How does the Federal Court deal with findings of fact on Judicial Review of Administrative Action?

Date & time

5.30–6.30pm Monday 1 April 2019

Venue

Phillipa Weeks Staff Library

ANU College of Law
5 Fellows Rd Acton

Speakers

Justice Alan Robertson

Accommodation

For interstate visitors, we offer suggestions for accommodation near ANU.

Contact

Centre for International & Public Law

Presented by the Centre for International & Public Law with the Attorney-General's Department and the Department of Foreign Affairs and Trade

CIPL Monthly Seminar

Part of the CIPL Monthly Talk series series

Justice Robertson

This paper begins by looking at the state of federal administrative law in Australia just before the time the Federal Court of Australia Act 1976 (Cth) was enacted and how it was then considered that courts dealt with findings of fact on judicial review.  After next considering the Court’s administrative law jurisdiction in its early years, the paper then contrasts the state of the law of federal judicial review of findings of fact in the 1970s with the state of the law 40 years later. The landscape has changed.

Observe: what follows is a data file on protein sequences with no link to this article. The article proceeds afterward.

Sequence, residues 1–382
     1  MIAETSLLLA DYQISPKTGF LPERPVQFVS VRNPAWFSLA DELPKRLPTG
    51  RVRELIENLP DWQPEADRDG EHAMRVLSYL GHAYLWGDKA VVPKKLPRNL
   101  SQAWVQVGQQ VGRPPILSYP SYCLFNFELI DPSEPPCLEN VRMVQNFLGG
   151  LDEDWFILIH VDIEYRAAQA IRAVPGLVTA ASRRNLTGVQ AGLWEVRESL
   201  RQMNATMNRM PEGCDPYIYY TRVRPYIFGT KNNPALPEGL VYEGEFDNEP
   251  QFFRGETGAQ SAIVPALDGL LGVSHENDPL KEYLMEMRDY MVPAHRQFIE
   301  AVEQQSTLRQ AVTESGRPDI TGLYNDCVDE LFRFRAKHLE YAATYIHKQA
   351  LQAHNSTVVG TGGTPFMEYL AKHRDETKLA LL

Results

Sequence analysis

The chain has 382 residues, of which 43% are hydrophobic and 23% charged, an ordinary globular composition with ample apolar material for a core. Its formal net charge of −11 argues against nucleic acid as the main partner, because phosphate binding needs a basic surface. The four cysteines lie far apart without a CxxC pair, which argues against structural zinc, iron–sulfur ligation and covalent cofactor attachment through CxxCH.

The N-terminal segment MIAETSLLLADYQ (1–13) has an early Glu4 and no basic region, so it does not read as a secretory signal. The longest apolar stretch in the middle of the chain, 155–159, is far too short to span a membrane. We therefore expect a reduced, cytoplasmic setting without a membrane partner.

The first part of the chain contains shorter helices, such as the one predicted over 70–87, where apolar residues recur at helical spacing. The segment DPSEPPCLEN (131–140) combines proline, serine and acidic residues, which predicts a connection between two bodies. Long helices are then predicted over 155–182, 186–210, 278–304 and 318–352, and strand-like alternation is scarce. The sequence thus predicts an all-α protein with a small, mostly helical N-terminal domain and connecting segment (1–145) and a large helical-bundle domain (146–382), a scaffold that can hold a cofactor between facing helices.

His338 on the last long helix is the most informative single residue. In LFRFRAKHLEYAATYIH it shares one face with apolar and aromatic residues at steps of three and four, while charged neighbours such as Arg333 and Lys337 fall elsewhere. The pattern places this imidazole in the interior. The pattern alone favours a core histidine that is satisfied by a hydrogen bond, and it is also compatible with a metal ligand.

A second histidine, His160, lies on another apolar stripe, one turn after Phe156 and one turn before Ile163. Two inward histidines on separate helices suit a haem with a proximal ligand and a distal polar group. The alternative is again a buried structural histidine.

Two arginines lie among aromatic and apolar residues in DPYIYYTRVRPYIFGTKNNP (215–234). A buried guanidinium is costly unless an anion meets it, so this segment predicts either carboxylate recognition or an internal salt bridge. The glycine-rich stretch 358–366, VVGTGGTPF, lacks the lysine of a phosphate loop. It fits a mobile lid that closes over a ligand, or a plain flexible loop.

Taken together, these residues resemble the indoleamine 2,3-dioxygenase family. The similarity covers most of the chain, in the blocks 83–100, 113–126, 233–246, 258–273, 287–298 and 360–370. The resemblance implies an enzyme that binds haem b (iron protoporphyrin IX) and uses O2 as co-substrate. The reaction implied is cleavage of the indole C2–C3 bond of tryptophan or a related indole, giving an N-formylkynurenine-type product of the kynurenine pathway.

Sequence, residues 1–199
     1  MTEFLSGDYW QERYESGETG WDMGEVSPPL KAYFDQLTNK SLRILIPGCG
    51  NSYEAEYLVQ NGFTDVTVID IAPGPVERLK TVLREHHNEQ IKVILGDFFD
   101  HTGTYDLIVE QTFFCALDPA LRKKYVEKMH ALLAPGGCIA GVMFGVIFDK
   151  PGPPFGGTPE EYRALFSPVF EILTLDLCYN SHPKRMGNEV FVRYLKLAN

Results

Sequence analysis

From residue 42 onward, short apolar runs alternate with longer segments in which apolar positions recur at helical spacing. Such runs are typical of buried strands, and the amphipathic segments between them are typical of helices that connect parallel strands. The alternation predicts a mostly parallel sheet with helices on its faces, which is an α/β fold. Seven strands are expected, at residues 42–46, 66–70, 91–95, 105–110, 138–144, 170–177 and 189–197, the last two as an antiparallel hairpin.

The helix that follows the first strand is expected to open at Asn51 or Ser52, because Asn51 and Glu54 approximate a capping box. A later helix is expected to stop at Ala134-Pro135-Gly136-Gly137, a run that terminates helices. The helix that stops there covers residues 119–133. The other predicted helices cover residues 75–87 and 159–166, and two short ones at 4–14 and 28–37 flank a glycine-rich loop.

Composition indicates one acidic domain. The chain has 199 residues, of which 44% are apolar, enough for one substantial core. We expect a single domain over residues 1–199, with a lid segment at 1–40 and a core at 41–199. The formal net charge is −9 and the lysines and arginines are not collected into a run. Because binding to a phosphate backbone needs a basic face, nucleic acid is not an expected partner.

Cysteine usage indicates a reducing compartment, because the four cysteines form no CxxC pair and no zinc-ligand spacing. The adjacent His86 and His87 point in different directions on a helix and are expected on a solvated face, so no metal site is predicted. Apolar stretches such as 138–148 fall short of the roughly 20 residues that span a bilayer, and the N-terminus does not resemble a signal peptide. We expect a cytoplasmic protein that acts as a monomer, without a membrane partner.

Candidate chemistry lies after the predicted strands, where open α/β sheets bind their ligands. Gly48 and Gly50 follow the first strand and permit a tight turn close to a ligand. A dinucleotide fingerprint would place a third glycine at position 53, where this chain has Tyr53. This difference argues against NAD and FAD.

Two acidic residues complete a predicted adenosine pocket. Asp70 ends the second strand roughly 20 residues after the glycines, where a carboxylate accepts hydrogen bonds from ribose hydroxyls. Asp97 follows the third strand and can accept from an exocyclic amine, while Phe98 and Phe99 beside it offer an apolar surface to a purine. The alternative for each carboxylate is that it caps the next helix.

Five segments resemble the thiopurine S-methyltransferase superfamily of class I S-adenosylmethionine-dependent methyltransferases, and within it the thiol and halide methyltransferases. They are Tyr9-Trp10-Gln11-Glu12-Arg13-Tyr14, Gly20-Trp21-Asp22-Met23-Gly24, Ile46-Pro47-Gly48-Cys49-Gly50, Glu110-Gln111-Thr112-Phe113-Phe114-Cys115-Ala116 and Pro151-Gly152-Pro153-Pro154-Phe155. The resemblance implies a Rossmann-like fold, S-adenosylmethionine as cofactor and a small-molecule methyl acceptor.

The paper does not directly deal with how a court, on judicial review, itself makes findings of fact so as to lead, for example, to a conclusion that a decision-maker has not engaged in an active intellectual process in determining whether or not to exercise a power.

Speakers

  • Justice Alan Robertson »

    Justice Alan Robertson is a graduate of ANU. He was admitted in 1980 as a legal practitioner of the Supreme Court of the Australian Capital Territory. From 1981 to 1983, he worked as assistant to the Commonwealth Solicitor-General, Sir Maurice Byers. In 1983, Justice Robertson moved to the New South Wales Bar and, in 1995, was appointed Senior Counsel. His area of specialisation was public law, including constitutional and administrative law, revenue law, competition law and appeals. He was for many years convenor of the Constitutional and Administrative law section of the New South Wales Bar Association. He was a part time member of the Administrative Review Council between 1992 and 1997. He was appointed a judge of the Federal Court in April 2011, based in Sydney. He has been appointed a Deputy President of the Administrative Appeals Tribunal and a Deputy President of the Australian Competition Tribunal.  He is the Deputy President of the Australian Academy of Law.

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